Popular international markets for US higher education: China and India

For decades the United States has remained a top overseas study location for students from China and India. More recently there have been reports of decline in these students’ interest in studying in the US.

Chinese and Indian students accounted for 48 percent of all active international students in the US in 2019, according to the US Student and Exchange Visitor Program (SEVP). So, what are some of the issues arising that could cause a problem for US universities recruiting from these countries? More importantly, how can they be overcome?

 

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China

The latest figures released by China’s ministry of Education still shows an increasing trend of Chinese students studying overseas - from 285,000 (2010) to 662,000 (2018). Since 2009, China has been the biggest source of international students for American colleges; one in three of the international students in the US are from China. However, it seems that 2020 has marked a slight change in Chinese students’ international study opinions and decisions.

Britain has surpassed the US for the first time as the preferred overseas study destination of Chinese students. According to a report by the Beijing-based New Oriental Education & Technology Group for the annual Report on Chinese Students' Overseas Study, the UK has become the most popular destination for overseas study this year, preferred by 42 percent of the respondents compared to 37 percent preferring the US.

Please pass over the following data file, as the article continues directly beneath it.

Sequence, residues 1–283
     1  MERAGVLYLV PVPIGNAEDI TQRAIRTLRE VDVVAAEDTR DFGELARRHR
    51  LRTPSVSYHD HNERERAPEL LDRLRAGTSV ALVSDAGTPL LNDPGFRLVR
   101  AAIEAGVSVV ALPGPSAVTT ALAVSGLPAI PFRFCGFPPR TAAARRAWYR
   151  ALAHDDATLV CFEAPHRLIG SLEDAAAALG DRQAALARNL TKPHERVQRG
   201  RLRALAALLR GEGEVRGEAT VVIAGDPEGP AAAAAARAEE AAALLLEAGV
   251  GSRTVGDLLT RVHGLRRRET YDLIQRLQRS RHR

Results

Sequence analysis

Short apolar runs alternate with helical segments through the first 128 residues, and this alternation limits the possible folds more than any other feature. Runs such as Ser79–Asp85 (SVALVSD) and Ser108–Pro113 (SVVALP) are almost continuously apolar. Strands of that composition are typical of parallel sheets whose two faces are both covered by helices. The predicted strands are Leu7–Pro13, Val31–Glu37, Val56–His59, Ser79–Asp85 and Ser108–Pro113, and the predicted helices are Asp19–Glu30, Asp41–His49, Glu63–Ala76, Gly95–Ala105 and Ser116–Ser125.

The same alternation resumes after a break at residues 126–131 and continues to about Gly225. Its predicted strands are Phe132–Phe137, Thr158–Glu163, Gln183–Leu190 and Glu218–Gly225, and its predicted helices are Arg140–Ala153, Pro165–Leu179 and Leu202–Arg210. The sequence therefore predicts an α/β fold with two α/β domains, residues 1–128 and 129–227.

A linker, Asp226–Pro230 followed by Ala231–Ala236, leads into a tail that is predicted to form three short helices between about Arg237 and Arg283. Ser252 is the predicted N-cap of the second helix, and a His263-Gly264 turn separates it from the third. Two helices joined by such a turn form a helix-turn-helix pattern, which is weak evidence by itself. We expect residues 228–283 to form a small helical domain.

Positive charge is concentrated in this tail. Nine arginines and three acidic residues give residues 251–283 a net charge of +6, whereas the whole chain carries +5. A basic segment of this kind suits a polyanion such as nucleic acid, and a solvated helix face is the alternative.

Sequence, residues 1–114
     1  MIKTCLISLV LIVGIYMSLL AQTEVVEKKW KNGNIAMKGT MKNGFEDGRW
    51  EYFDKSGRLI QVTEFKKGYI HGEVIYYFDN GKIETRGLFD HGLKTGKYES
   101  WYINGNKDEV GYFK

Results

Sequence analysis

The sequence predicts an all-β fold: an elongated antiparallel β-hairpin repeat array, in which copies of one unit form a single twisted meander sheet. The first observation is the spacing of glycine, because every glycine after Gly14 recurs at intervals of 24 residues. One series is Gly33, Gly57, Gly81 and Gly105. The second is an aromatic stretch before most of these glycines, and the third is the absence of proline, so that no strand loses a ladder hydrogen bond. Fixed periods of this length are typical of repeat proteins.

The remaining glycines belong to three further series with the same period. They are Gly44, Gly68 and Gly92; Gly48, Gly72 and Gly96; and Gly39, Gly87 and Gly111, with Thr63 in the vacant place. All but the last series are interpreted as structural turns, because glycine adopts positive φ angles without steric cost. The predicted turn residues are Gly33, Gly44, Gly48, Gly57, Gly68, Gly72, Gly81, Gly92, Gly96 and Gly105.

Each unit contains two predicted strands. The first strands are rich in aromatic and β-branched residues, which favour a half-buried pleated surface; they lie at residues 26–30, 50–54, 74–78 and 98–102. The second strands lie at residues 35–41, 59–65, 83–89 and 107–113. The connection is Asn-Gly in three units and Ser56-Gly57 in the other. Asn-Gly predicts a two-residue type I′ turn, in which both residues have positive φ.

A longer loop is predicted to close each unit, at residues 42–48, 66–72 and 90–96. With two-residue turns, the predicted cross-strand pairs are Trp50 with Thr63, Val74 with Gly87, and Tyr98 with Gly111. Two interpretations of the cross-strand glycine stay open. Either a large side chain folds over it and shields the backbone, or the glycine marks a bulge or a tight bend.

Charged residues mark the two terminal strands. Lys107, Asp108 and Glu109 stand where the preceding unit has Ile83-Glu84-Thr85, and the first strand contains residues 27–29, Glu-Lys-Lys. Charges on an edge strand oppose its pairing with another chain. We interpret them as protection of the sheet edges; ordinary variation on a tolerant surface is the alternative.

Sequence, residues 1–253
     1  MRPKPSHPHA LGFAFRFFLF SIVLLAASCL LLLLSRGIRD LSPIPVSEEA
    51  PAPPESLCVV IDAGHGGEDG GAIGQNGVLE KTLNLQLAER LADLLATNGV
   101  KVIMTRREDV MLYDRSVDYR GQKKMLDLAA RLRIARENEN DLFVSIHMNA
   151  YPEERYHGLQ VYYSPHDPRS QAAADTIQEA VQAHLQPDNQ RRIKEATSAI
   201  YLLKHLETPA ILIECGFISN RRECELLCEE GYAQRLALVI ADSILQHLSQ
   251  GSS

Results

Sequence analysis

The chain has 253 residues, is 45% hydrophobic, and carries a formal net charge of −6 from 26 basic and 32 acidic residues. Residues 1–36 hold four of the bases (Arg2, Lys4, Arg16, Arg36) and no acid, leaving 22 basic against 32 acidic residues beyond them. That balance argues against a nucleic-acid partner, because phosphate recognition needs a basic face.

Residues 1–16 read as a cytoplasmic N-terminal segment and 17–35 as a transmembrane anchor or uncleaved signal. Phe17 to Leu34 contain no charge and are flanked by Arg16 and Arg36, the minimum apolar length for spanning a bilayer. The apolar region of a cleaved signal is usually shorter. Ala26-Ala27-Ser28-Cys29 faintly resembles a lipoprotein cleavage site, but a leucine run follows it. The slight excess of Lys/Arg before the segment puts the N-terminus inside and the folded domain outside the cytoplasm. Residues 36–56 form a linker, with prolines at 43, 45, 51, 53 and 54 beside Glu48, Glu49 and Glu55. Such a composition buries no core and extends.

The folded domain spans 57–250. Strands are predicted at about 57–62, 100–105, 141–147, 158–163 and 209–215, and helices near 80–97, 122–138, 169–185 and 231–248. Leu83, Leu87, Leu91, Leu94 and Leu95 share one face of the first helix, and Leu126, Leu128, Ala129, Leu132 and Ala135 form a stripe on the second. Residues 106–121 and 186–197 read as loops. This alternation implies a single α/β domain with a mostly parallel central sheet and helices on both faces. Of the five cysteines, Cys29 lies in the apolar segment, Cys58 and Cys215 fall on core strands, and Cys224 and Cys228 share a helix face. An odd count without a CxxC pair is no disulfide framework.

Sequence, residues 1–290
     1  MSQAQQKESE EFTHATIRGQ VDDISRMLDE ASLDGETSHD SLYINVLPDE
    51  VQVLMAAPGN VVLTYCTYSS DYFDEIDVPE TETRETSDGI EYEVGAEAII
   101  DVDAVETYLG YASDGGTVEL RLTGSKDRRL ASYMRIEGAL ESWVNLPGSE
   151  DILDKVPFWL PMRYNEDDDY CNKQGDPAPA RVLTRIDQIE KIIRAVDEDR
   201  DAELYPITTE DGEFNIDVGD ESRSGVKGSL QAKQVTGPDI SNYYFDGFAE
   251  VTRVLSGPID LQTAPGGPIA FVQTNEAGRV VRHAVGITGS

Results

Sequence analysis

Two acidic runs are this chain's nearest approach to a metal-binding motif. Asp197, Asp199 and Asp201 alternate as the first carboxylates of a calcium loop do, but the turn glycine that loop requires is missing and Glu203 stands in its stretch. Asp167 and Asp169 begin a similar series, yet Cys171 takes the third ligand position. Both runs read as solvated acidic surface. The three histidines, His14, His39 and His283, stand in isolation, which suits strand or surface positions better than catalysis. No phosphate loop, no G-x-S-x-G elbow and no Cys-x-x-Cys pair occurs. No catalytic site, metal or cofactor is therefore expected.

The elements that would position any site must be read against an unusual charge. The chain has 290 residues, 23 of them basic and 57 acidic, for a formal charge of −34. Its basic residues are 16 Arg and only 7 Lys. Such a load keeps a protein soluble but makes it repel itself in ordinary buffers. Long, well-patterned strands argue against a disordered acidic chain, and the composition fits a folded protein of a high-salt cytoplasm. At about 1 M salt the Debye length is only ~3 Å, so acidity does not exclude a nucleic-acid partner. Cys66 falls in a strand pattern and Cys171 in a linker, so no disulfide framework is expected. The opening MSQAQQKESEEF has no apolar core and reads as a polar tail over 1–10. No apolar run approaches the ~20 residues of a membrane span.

Chinese student opinion on studying in the US

Politics and the covid-19 pandemic has played a large part in the changing views Chinese students have of studying in the US. A BBC article from August 2020 quoted Yingyi Ma, associate professor of sociology at Syracuse University, as saying ‘Chinese students in the US are now "politicised and marginalised at an unprecedented level", as Washington is sending "very unfriendly signals".’ 

Chinese students may be feeling like political tensions between the US and China are overspilling into their experiences of studying in the US; for example the new visa restrictions placed on Chinese students

In July, the South China Morning Post reported on a situation where a student gave up her place at an US Ivy League school last minute to choose a European alternative. Her perception of a string of policies introduced by President Trump, the focus on China as the source of the coronavirus, and the current security situation affected by the Black Lives Matter movement were all cited as affecting her decision.

 

India